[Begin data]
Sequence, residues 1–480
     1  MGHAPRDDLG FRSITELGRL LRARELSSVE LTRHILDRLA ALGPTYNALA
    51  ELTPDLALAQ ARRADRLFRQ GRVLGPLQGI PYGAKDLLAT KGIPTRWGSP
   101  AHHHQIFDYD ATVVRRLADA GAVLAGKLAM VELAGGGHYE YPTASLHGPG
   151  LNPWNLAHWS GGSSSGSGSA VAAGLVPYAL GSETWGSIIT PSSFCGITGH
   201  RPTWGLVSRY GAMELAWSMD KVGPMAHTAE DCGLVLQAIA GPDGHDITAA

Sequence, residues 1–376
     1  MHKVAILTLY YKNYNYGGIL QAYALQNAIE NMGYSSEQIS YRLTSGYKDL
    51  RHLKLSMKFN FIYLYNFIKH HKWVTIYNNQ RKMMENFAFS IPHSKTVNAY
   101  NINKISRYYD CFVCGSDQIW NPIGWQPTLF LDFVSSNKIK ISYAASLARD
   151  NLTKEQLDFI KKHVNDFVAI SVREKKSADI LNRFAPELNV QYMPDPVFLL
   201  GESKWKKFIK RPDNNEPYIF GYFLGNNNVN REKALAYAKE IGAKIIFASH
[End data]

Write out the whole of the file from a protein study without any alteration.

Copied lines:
Sequence, residues 1–480
     1  MGHAPRDDLG FRSITELGRL LRARELSSVE LTRHILDRLA ALGPTYNALA
    51  ELTPDLALAQ ARRADRLFRQ GRVLGPLQGI PYGAKDLLAT KGIPTRWGSP
   101  AHHHQIFDYD ATVVRRLADA GAVLAGKLAM VELAGGGHYE YPTASLHGPG
   151  LNPWNLAHWS GGSSSGSGSA VAAGLVPYAL GSETWGSIIT PSSFCGITGH
   201  RPTWGLVSRY GAMELAWSMD KVGPMAHTAE DCGLVLQAIA GPDGHDITAA

Sequence, residues 1–376
     1  MHKVAILTLY YKNYNYGGIL QAYALQNAIE NMGYSSEQIS YRLTSGYKDL
    51  RHLKLSMKFN FIYLYNFIKH HKWVTIYNNQ RKMMENFAFS IPHSKTVNAY
   101  NINKISRYYD CFVCGSDQIW NPIGWQPTLF LDFVSSNKIK ISYAASLARD
   151  NLTKEQLDFI KKHVNDFVAI SVREKKSADI LNRFAPELNV QYMPDPVFLL
   201  GESKWKKFIK RPDNNEPYIF GYFLGNNNVN REKALAYAKE IGAKIIFASH